Energy-Efficient Membrane Process for Oil Refining

Energy-Efficient Membrane Process for Oil Refining


Crude oil needs to be separated into its components before use. This separation is performed on a large scale using thermal distillation, which consumes large amounts of energy. Energy-efficient membrane-based separations could be a greener alternative—or a complement—to conventional distillation approaches. However, there is a lack of suitable membrane materials for this application.

Ryan P. Lively, M. G. Finn, Georgia Institute of Technology, Atlanta, USA, and colleagues have developed spirocyclic polymers with N-aryl linkers (pictured), which can be used to create microporous membranes for the fractionation of light crude oil. The team used a dibrominated spirobifluorene building block, which was polymerized with different diaminoaryls using a palladium-catalyzed Buchwald–Hartwig amination. The resulting spirobifluorene aryl diamine (SBAD) polymers were cast to create microporous films.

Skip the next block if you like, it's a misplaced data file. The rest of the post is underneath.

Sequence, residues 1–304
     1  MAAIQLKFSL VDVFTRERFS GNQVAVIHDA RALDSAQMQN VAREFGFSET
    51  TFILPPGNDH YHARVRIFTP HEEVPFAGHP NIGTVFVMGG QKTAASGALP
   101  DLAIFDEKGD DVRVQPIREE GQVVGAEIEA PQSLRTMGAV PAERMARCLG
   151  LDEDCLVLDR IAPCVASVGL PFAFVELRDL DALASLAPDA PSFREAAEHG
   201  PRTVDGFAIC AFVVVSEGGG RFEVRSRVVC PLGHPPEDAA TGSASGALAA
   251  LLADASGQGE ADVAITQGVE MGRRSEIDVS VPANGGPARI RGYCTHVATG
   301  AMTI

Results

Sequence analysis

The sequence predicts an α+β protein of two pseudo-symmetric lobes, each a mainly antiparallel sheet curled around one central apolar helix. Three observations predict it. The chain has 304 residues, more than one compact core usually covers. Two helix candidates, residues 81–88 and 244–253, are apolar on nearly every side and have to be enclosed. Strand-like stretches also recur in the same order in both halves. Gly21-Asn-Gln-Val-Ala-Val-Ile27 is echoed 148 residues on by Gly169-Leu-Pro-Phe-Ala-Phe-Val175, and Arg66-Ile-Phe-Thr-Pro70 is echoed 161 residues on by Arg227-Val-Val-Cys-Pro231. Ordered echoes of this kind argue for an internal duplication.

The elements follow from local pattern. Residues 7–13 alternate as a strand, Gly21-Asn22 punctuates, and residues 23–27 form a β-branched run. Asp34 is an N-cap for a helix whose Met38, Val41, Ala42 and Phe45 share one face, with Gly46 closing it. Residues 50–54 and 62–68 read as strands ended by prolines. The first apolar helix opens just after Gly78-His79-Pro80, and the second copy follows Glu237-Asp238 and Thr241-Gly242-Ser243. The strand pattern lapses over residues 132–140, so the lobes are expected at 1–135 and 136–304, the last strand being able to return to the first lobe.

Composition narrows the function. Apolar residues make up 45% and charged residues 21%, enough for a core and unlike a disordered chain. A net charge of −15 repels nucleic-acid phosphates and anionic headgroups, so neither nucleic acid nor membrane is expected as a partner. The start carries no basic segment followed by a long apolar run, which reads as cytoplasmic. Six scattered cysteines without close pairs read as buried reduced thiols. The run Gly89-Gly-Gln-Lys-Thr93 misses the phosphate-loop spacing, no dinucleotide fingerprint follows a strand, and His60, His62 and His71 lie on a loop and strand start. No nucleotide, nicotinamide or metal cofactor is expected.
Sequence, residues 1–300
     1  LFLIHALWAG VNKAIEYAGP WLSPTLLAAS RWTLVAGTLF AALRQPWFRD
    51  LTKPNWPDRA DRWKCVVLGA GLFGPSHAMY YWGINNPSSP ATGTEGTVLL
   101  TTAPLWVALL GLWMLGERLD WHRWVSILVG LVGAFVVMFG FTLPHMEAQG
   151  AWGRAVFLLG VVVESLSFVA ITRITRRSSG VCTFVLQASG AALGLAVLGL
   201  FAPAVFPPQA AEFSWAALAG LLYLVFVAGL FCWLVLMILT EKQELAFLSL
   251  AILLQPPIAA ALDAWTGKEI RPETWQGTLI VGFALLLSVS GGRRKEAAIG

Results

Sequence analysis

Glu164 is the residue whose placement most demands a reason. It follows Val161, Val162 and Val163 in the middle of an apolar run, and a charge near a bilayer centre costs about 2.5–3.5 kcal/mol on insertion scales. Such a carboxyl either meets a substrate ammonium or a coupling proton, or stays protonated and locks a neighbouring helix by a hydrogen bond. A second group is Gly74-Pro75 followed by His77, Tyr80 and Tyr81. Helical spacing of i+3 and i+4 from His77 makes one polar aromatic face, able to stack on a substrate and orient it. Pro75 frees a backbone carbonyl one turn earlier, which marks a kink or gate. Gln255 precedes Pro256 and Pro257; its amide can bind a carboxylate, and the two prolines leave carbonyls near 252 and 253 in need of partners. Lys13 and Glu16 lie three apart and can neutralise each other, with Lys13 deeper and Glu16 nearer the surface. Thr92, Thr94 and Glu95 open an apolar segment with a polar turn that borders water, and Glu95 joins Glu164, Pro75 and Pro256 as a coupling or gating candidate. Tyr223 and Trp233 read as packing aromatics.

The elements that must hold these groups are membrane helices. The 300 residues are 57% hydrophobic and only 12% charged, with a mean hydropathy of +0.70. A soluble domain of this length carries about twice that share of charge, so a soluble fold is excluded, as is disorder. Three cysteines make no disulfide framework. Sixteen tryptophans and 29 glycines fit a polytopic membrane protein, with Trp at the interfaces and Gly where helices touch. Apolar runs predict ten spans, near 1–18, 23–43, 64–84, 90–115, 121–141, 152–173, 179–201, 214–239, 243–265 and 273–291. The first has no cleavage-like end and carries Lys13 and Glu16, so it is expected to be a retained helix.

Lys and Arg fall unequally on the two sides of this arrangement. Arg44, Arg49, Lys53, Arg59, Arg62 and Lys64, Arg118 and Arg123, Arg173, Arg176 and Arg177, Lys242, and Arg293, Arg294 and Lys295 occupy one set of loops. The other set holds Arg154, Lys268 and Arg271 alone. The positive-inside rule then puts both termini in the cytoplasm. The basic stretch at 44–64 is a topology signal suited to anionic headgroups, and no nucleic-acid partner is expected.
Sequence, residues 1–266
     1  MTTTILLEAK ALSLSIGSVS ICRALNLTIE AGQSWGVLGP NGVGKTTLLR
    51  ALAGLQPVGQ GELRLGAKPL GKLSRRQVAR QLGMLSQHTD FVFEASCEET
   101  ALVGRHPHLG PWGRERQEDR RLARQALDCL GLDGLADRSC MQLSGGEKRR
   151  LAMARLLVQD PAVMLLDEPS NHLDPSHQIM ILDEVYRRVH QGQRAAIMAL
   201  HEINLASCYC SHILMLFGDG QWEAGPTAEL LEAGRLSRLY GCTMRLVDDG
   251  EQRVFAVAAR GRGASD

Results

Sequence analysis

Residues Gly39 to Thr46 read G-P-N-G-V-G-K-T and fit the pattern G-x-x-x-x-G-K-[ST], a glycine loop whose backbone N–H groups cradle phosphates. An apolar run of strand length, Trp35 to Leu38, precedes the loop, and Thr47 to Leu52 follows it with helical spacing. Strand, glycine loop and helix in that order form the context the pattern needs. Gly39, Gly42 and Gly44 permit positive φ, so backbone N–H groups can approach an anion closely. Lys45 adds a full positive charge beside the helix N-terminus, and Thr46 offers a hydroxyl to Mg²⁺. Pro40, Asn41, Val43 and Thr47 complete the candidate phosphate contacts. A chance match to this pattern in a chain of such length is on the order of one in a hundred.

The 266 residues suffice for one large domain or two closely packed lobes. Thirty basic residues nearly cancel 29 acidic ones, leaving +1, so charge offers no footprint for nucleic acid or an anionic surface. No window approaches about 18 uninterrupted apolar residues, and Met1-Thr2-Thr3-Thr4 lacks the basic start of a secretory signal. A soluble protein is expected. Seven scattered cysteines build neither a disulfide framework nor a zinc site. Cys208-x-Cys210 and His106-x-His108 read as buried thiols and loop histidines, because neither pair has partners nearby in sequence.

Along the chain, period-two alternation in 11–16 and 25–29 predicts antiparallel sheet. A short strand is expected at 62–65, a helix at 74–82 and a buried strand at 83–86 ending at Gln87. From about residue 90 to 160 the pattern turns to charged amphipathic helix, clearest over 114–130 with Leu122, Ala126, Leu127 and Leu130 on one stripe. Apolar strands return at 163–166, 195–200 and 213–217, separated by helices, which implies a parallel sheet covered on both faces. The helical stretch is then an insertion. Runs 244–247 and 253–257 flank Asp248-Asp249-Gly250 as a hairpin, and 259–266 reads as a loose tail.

The team compared the separation performance of SBAD with the prototypical microporous polymer PIM-1. Using a mixture of of 1,3,5-triisopropylbenzene (TIPB) and toluene as a model system, they found that all SBAD polymer membranes held back the TIPB more efficiently than PIM-1, with the highest-performing polymer rejecting 80 % of the TIPB. The separation properties of SBAD membranes depend both on the size and the aromaticity of the hydrocarbons.

The researchers also tested the SBAD membranes in the separation of light crude oil. Passing the crude oil through the membrane significantly enriched the lighter molecules and held back heavier hydrocarbons. According to the researchers, the combination of energy-efficient membrane technology with conventional processes such as distillation could help to save energy and carbon emissions.



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